article thumbnail

iPhone 14 is the most salvageable iPhone in years

AppleInsider is supported by its audience and you may earn commission as an Amazon Partner and Affiliate Partner on eligible purchases. These affiliate partnerships do not affect our editorial content.

Although the iPhone 14’s features aren’t significantly different from the iPhone 13, a breakdown reveals that Apple has made internal changes that make repairs easier.

Apple doesn’t have a good reputation when it comes to enabling fixes. It has reluctantly begun providing repair manuals and borrowing tools to replace parts, but its products are still built in a way that can be considered difficult to repair.

Usually in iFixit tearing down For the iPhone 14, the model was found updated internally, including the ability to unscrew it from the front and back. Normally, technicians would have to remove the screen to get to the internals for repairs, but now, the back glass can also be removed in a somewhat similar fashion.

After applying heat and carefully pulling out the screen, the iPhone 14’s interior view is blocked by a large metal plate, the middle frame, with gaps to allow the camera and select connectors and components to click through. It is believed that the design change should simplify screen repairs as well as protect components inside the iPhone that are not normally protected by a metal plate.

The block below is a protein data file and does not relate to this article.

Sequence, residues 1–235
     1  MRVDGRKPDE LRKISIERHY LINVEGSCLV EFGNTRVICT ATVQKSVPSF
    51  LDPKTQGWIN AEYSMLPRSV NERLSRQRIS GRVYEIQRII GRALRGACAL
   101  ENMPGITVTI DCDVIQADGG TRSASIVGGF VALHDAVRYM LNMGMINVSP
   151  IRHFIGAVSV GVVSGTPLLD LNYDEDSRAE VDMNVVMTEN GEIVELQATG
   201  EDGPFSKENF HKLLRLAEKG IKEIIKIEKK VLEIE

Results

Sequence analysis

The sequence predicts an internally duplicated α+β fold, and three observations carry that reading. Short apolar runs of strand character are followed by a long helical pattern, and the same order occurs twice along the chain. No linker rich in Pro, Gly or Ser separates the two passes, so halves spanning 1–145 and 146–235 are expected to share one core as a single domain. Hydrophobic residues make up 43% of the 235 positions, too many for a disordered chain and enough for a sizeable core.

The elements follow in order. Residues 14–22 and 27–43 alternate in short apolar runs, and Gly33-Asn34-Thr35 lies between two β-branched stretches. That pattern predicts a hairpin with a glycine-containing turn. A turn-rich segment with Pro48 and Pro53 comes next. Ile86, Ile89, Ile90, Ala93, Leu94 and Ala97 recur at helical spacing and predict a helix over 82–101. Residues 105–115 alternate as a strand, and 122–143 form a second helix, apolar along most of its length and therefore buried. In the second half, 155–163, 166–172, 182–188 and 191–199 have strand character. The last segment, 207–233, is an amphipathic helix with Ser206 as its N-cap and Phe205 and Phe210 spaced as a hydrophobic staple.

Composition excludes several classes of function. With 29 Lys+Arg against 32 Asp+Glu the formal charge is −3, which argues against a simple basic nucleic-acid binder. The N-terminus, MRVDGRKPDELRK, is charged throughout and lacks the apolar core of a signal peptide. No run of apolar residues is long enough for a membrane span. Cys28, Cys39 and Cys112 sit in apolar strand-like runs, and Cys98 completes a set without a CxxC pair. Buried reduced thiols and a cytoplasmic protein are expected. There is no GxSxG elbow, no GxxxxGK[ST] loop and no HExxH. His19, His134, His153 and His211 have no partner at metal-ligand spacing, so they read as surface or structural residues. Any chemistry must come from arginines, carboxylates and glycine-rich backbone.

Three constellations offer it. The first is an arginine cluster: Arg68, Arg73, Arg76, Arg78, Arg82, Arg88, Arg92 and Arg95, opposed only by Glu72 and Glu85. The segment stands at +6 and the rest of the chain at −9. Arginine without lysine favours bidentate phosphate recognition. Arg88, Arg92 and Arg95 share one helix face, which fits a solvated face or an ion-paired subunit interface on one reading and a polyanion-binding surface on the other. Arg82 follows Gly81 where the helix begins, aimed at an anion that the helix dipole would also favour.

Butterfly view for iPhone 14, disassembled [via iFixit]

Unlocking the rear glass follows a similar procedure, and again it is believed to be a massive change on Apple’s part. The back glass is the hardest component to remove from the iPhone normally, and it costs users hundreds to replace outside of AppleCare+.

This decision is a major breakthrough for Apple, which previously allowed access across the screen as it covers both the screen and battery replacement, two common repair tasks. By allowing the rear glass to be ejected for general rear access to the components in the display itself, Apple removes major obstacles to repairing the back glass, should it become damaged.

For the rest of the disassembly process, the screws can be removed to take out the brackets and components, while two pull tabs and a bit of adhesive keep the battery in place. Other connectors can also be popped to separate the components from each other.

After the teardown, iFixit applauded Apple’s design changes, including how Apple fixed the challenge of keeping the device robust and robust, while continuing to increase access. Using the middle frame helps absorb shock and shift around it from drops, in a similar way to how the iPhone 13’s metal frame spreads a shock to the battery and glass back, except that it’s instead managed by a metal plate.

Separating the rear panel also caused a problem with the RF transmissions, but instead of using welds, Apple used ten EMI contact points to ground the frame as closely as possible.

Unlock iPhone 14 from the back [via iFixit]

Unlock iPhone 14 from the back [via iFixit]

However, the disassembly process is not without criticism, as Apple has been reprimanded for asking to activate the back glass after activation.

For example, the back glass must be activated in the program, as the teardown video demonstrates. There are still software limits to prevent the use of aftermarket parts.

The major change in the iPhone’s architecture results in a repairability score of 7 out of 10, the highest score for an iPhone since the iPhone 7 – released in 2016.

“This is the most significant iPhone redesign since X,” wrote iFixit. “It’s hard to understate the scale of the change. For a reference point, Samsung hasn’t changed the architecture of its phones since 2015.”

#iPhone #salvageable #iPhone #years

Leave a Comment

Your email address will not be published.